Dig, if you will, a picture – of a sledgehammer being held aloft by your good self. It’s a heavy ol’ thing, but you’re strong; I believe in you. I want you to keep holding that sledgehammer for a moment while I back up and tell you how we got here.
DO IT FOR THE STICKERS
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I’m a big fan of adventure motorcycles. Especially the gigantic ones that everyone likes to whine about. Call me a basic bitch, I guess, but I like the fact they are tall (I’m 6-foot-1), comfortable (I like traveling by motorcycle), relatively powerful (sometimes I like to go fast), can carry a lot of stuff (I like traveling long distances), and can run on good tires. Ostensibly, an adventure bike is also capable of being ridden off road. You can find a different genre to better serve any one of the above needs, but only the ADV manages to address them all.
Though, of course, actual experiences will vary by model; some all-rounders are more all-round than others. In his ode to the scrambler genre, Drew Faulkner described adventure bikes as “larger-displacement bikes, intended for 60 percent or more time on the pavement,” as opposed to dual-sports, which are 60/40 in favor of off-road riding. That’s a reasonable base definition of the genre, but in recent years a sub-genre has developed that leans even more heavily to road use.
We haven’t quite come up with a good name for the genre – adventure tourer, adventure sport – but the basic idea is that these bikes are designed for at least 80/20 road use. And most of these bikes, like the Yamaha Tracer 900, favor the tarmac even more. By and large, these are the bikes I prefer because I’m not terribly adept at off-road riding and I dislike the idea of spending in excess of £10,000 (sometimes close to double that) on a vehicle that I would then place in situations where it is likely to be smashed to smithereens.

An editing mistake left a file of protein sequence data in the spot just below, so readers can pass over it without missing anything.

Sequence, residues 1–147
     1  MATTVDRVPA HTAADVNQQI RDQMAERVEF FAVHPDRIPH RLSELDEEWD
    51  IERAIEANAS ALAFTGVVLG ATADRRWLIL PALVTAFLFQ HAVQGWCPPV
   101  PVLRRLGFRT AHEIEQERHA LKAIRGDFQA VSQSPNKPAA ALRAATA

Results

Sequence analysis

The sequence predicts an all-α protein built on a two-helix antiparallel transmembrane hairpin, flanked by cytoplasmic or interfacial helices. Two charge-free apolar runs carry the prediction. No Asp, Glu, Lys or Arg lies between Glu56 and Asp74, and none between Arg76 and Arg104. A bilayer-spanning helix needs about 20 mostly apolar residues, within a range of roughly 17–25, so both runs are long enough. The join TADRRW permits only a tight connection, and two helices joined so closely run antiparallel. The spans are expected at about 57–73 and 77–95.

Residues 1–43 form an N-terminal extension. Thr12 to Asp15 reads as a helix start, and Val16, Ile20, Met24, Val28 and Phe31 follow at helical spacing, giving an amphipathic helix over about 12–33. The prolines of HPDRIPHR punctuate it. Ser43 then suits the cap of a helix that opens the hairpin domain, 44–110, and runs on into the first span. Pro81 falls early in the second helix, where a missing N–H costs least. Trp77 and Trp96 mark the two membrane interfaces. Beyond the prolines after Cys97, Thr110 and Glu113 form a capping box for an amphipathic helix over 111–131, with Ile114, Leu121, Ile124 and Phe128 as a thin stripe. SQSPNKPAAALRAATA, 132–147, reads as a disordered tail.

Still holding that sledgehammer? Good. I’m getting to it.
One thing that gets under my skin (perhaps unnecessarily) is when the maker of one of these extra-road-focused adventure bikes tries to make you believe otherwise. There are a few examples, but I’m thinking specifically now of the Triumph Tiger 1200.
That’s a good bike. I got a chance to spend a few weeks with one earlier this year, clocking up 1,200 miles on the thing, and, of course, I own the previous generation model, the Tiger Explorer. The two generations are almost identical, with this year’s name change only being warranted by a differently tuned engine (still the same 1215cc triple, though) and a blingtacular TFT screen. Chassis, suspension, and aesthetics remain more or less the same.
That’s fine for my purposes. On the road, whether speeding through mountain curves or hauling myself and a passenger comfortably across the country (on a recent trip to West Sussex my wife was so relaxed she kept falling asleep), the Tiger Explorer/1200 is hard to beat. All things considered, I’d say it’s one of the best bikes you can buy… Unless you want to take it off road.
I’ve been holding my tongue on this somewhat for quite a while because, well, I didn’t want to be one of those moto dudes who thinks he’s clever for pooping on a manufacturer’s hard work. Triumph has a passionate team of people working up there in Hinckley, England, and, as I say, they’ve built an otherwise solid machine. But every time I see the company attempting to suggest this bike has legitimate off-road chops I feel triggered, y’all. It’s been festering in me for too long, and I just have to let this out: if you want a bike that can be ridden regularly off road, the Tiger 1200 is a terrible choice.
Of the large adventure bikes I’ve ridden off road – BMW R 1200 GS, Ducati Multistrada 1200 Enduro, Honda Africa Twin, KTM 1090 Adventure R, Suzuki V-Strom 1000 – the Triumph Tiger Explorer/1200 is hands down the worst.
There are a few reasons for this but the one that Triumph cannot overcome without a start-from-scratch overhaul of the model is weight.
He Ain’t My Brother, He’s Heavy